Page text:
AB de Villiers will still play many ODI games in his cricket career, but even if the Proteas were to go all the way and win the World Cup, the performance by his team over Sri Lanka will forever be remembered as the match when it all came together almost perfectly.
I use the word almost because the only hiccup was that Hashim Amla got out, and the eventual win was only by nine wickets and not the full deck.
The decision to retain Quinton de Kock at the top of the order proved to be a sage decision. Many pundits called for a change for the quarterfinal, myself included. He would have arrived at the famous SCG hoping to that somehow it could turn for him and it did. The bus ride back to the hotel must have been a really pleasant one. The fact that he spent some time out in the middle could not have come at a better time for South Africa. It never ceases to amaze me how a player can be so out of touch and in space of a few overs turn it around.
However, the bowling department was where it all happened. In the match build-up, speculation was rife as to who would fill the seventh spot. Incidentally, it become a non-issue as soon as De Kock was selected and Vernon Philander wasn’t deemed fit. There is no doubt that Kyle Abbott did more than enough to retain his place moving forward. The right-arm fast-medium bowler adds pace and swing to the mix, and his length was so accurate.
Right from the outset of the match, the Proteas’ mindset was to take wickets, and that was evident as Dale Steyn and Morne Morkel ran in with purpose and raw aggression. I believe it set the tone for the encounter and placed enormous pressure on the Sri Lankan batsmen.
Morkel was brilliant in using the extra bounce he generates and zoned in on Sri Lankan captain Angelo Mathews so accurately that it made a serious statement to those sitting in the change room. In such imperious form, batting against him was not for the faint-hearted.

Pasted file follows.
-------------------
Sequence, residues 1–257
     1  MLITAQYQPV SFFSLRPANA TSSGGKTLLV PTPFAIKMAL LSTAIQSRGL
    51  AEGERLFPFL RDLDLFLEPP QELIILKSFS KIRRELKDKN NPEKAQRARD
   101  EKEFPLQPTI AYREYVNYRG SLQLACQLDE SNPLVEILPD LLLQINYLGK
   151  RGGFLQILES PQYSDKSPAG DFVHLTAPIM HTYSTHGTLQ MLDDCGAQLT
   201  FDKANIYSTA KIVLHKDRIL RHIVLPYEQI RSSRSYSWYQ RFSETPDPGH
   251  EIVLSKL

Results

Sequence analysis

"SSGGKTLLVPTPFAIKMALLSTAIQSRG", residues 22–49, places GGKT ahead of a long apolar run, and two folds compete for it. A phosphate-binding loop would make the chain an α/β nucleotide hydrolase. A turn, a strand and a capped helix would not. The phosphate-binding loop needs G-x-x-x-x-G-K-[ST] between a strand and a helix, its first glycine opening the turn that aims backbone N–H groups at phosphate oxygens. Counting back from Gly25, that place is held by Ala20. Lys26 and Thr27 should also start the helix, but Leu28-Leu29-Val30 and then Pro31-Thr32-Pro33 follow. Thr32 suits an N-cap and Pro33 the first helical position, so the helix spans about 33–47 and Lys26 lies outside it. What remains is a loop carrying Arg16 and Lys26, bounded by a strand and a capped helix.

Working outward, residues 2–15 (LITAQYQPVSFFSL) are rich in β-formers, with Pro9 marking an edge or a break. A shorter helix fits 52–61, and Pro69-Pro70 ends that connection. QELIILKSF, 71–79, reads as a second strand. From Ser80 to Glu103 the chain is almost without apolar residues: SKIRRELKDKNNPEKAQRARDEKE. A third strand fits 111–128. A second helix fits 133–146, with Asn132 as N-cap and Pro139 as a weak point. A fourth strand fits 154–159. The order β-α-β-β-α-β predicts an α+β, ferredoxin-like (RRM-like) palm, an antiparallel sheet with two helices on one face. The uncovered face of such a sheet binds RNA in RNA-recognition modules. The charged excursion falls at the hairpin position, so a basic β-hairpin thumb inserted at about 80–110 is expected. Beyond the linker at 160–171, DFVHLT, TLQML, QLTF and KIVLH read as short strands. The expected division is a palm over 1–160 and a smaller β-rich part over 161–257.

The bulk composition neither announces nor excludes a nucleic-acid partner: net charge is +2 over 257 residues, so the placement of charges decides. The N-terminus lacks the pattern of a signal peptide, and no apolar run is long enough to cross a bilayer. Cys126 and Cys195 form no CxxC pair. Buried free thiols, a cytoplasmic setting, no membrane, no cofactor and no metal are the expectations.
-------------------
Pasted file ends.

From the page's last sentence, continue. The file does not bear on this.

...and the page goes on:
Furthermore, I felt that the introduction of the spinners was done at the correct time which aided South Africa’s cause even more. I, for one, was quite critical of their use too early against Pakistan as seemed as if the Proteas were attempting to get through the fifth and six bowler options in that match. However, this time it looked like they were intent on taking wickets too. The fielding placing set for man of the moment, JP Duminy, was picture-perfect.
All subcontinental teams tend to play against spin well, and every time you are successful as a spinner against them, it creates loads of confidence. The fact that Duminy took a hat-trick at the World Cup, the first for a South African, will have set him up for a long time to come.
I believe he will suddenly see himself not just as a part-timer but as an attacking option. While Duminy made most of the headlines, hard-working Imran Tahir was again the bowler who made the critical breakthrough and maintained pressure with very few loose deliveries.
The fielding also deserves a mention in the same breath as the bowling. It was superb and contributed so much to keeping constant pressure on Kumar Sangakkara. So many shots were played directly to inner ring fielders and that speaks to the pre-match preparation being done well. Batsmen are creatures of habit. They tend to hit balls in the same area on a regular basis. As such, the secret is to get them to play differently when under pressure, as that’s when opportunities arise. And good field-placings are so much a part of that process.
An enormous amount of credit must also be lavished on De Villiers’ captaincy. The right bowling changes were made, the angles at which he set his fielders for each batsman were correct and the tempo of the game when fielding, allowed him time to stay settled and in control. And for once he didn’t have to bat, bowl or take a catch for the Proteas to prosper!
Looking ahead to the first semi-final, whoever it may be against, De Villiers and his charges will now know that if they get it right, beating the Proteas is going to prove a tough assignment. They may have thought it before but now they know it. The way they demolished Sri Lanka, who had also been running hot for a while, will have sent a powerful message to their opponents. South Africa are running into form and have the momentum.
I can’t help thinking that the depth in the batting department and the quality in SA’s bowling unit is more than the other teams still left in the competition. Ultimately, however, the challenge of winning the World Cup is determined by which team best deals with pressure.
Former South Africa international Pat Symcox played at the 1996 Cricket World Cup, and is a self-proclaimed cricket fanatic, struggling golfer and addicted writer.